Rhys completed a BSc in Ocean Exploration, an essential degree to launch into the demanding, yet rewarding, career as a hydrographic surveyor
What did you study at university?
I completed a BSc (Hons) degree in Ocean Exploration at Plymouth University. After a few years offshore I completed a PGCE in secondary geography in 2018. I taught for one year before returning to offshore in 2019. My undergraduate degree is truly relevant to my job, in fact it is a requirement for it and enabled to me to land my first job before I had even received my degree in the post.
How did you get your job?
My first job was in Dubai, and after gaining a few years working for survey companies and building connections, I decided to freelance, setting up RP Hydro Survey Consultants. Look for jobs beyond your local area, this will allow you to see different places and meet new people, not to mention increase the likelihood of finding employment. If you intend to go freelance, make sure you are confident and knowledgeable; companies will be hiring you at a high cost and will expect results.
What are your main work activities?
A typical working day offshore as a surveyor normally involves a 12-hour duty. I arrive 15 minutes before duty, and talk with my alternate, discussing events that occurred throughout their shift and propose the plan going forward.
During my shift I could be involved in several roles. One day I might just run lines through the survey software and complete data acquisition. Alternatively, I could be involved with the deployment/recovery of survey gear on the back deck and ensuring that all items are inspected and operating correctly. As a surveyor, I am heavily involved in planning and executing the party chiefs plan, requiring multiple meetings and discussions with senior staff throughout. Finally, and probably most importantly is ensuring high standard data quality. Ensuring the data is within contractual specifications and limits is a surveyor's vital role. This is also tied to ensuring all equipment is operating correctly and fixing any issues that may arise (communications, software, or hardware).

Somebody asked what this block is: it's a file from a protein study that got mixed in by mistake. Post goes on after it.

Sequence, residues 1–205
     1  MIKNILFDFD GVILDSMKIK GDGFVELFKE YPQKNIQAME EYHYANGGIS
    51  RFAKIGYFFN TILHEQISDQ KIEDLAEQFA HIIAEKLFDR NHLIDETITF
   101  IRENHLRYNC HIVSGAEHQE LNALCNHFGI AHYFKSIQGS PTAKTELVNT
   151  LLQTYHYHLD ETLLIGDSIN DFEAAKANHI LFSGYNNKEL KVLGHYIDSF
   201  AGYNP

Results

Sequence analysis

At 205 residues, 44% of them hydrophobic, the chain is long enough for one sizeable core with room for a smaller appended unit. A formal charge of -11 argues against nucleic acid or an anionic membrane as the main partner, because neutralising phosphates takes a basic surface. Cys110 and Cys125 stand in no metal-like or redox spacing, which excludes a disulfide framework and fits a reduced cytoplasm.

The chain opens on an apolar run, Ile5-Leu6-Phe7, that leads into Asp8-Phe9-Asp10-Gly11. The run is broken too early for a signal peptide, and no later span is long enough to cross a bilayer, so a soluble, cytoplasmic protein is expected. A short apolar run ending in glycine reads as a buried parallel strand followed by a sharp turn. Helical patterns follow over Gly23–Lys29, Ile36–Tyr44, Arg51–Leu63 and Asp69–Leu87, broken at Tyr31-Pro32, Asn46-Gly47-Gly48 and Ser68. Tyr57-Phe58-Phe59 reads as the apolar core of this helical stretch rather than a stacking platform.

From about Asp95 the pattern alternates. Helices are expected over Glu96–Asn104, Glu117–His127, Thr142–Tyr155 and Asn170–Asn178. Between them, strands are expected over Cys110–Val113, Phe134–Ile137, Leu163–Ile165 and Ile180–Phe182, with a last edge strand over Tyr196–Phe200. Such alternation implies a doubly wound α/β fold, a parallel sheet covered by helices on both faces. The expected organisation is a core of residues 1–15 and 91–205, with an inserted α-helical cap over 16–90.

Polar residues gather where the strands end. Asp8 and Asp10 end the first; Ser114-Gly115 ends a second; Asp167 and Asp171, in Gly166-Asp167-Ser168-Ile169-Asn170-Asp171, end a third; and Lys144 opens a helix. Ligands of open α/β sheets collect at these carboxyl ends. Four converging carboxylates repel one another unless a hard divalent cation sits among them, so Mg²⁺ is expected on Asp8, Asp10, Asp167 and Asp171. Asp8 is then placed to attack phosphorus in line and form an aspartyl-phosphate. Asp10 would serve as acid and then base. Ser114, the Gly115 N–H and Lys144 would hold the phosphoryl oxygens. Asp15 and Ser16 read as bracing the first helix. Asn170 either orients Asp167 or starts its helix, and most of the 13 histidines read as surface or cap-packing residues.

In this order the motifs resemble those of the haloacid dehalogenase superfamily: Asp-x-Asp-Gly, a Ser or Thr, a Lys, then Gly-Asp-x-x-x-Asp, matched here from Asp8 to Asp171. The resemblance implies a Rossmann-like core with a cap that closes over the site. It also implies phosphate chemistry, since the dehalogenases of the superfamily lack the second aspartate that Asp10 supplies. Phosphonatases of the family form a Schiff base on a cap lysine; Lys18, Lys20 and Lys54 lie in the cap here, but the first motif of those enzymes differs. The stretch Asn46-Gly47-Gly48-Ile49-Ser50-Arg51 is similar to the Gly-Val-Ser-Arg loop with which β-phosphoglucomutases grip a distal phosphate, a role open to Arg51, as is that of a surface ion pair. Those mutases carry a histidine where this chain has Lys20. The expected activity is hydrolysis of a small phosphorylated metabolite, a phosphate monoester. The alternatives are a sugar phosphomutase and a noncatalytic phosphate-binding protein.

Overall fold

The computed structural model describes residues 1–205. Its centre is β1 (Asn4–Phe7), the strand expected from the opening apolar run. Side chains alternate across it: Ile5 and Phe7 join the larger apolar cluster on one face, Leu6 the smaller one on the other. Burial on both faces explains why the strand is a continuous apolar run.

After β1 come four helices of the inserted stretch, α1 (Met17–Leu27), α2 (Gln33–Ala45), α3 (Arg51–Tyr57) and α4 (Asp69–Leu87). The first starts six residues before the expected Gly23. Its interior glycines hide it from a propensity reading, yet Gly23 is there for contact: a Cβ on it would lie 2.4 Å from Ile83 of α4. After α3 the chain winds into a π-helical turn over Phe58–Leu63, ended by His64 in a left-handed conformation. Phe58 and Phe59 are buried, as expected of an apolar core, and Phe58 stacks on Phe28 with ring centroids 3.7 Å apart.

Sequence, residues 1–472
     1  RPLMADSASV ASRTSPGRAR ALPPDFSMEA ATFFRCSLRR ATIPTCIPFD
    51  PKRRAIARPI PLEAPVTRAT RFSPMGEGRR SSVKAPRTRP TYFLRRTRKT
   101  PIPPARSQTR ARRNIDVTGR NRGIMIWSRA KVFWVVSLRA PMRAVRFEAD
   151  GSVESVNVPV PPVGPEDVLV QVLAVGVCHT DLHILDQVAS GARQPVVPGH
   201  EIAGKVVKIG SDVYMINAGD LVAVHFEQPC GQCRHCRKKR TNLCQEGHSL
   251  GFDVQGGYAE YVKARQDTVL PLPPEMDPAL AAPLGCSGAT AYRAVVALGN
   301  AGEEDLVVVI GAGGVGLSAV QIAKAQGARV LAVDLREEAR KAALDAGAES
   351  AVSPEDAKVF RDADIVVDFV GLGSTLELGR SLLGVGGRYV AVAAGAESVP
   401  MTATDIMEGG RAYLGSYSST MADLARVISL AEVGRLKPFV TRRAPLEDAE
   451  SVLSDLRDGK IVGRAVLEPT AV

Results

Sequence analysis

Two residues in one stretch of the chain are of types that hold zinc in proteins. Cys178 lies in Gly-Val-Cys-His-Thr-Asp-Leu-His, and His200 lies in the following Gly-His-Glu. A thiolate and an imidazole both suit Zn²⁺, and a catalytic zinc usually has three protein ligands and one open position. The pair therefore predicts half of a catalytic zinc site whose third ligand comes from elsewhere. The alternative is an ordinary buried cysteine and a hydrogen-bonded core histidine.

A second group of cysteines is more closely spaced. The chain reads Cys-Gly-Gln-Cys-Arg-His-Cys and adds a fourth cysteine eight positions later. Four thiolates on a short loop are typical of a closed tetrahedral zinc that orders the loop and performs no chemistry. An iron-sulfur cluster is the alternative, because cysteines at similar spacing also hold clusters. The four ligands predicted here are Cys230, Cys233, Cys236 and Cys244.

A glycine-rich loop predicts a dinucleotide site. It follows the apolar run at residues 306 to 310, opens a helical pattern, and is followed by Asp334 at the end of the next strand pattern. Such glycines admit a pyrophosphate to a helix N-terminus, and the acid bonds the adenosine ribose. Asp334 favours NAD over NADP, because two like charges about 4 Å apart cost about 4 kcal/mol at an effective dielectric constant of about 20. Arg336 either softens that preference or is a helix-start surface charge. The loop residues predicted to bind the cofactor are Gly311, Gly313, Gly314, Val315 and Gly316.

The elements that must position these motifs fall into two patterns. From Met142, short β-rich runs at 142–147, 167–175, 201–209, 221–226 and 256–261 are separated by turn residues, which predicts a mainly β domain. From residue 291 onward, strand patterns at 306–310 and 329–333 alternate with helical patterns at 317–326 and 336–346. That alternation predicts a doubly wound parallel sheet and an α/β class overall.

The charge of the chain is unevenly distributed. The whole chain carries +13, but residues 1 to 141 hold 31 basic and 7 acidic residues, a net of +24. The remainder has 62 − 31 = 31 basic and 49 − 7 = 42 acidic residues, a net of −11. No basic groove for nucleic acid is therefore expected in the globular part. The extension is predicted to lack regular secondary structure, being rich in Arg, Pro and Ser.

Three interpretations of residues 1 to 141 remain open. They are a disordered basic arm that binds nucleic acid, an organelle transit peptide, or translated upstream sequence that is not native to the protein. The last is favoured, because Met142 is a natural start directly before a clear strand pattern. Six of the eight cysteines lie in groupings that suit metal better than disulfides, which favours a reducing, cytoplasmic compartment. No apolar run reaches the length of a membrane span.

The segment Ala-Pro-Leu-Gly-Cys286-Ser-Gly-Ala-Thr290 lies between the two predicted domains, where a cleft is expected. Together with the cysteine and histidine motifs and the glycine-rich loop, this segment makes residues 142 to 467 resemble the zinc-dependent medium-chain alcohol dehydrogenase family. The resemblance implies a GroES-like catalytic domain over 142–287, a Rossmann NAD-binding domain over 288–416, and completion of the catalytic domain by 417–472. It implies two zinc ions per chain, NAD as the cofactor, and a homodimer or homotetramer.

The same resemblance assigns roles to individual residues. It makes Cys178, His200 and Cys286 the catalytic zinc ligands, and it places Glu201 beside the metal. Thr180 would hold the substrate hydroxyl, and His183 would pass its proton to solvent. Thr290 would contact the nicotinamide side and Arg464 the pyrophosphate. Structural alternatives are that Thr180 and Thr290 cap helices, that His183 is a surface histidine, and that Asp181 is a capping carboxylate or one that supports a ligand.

After my shift I go to the mess room and have food before returning to the accommodation for rest, watching movies or using the on-board fitness suite before going to bed. Then I wake up and repeat it all again until crew change.
What do you enjoy about your job and what are the challenges?
I like the opportunity to travel and see different places and meet people from all over. Also, there is nothing quite like being in the middle of the ocean on a clear, starry night. Long hours and periods away from home is the most difficult aspect. It is also very mentally taxing and can be incredibly stressful when things are not working. This job is typically one month on, one month off, so the six months off are a much needed break.
How has your role developed and what are your career ambitions?
My role developed rather rapidly which led to me becoming a party chief within three years. Going forward I plan to expand into client representation on-board and potentially starting my own freelance agency.
Any words of advice for someone who wants to get into this job?
Be prepared to learn long after completing your education. This job is too varied and complex to be covered entirely in a classroom. When onsite, continue to learn by talking with colleagues and getting involved in any task you can. This will improve your confidence offshore, and also make you a vital asset within any team.
Get along with everyone if you can. You will be stuck on vessels for extended periods with the same people for potentially weeks at a time. Also, be safe and always follow instruction. It's a very hazardous worksite being offshore, and one must take care of themselves and others while on duty. Offshore companies have very high HSE standards for a reason and you should follow them to the letter.
What are your top tips for choosing a Masters?
Focus on a specific element for offshore survey. For instance, if you already have a hydrography-based degree consider completing a Masters in computer sciences if possible as this will help dramatically with interfacing survey gear and potentially improving them. Geophysics or geology-based Masters may also be beneficial too.
Find out more
- Read more about life as a hydrographic surveyor.
- See what's on offer in the energy and utilities sector.